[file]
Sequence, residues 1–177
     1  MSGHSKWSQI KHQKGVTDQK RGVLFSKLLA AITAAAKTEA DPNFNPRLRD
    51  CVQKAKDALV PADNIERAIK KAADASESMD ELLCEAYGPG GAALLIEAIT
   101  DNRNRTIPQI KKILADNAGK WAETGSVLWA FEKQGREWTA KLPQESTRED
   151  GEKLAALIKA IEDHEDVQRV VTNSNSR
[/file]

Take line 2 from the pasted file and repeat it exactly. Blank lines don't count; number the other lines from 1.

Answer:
     1  MSGHSKWSQI KHQKGVTDQK RGVLFSKLLA AITAAAKTEA DPNFNPRLRD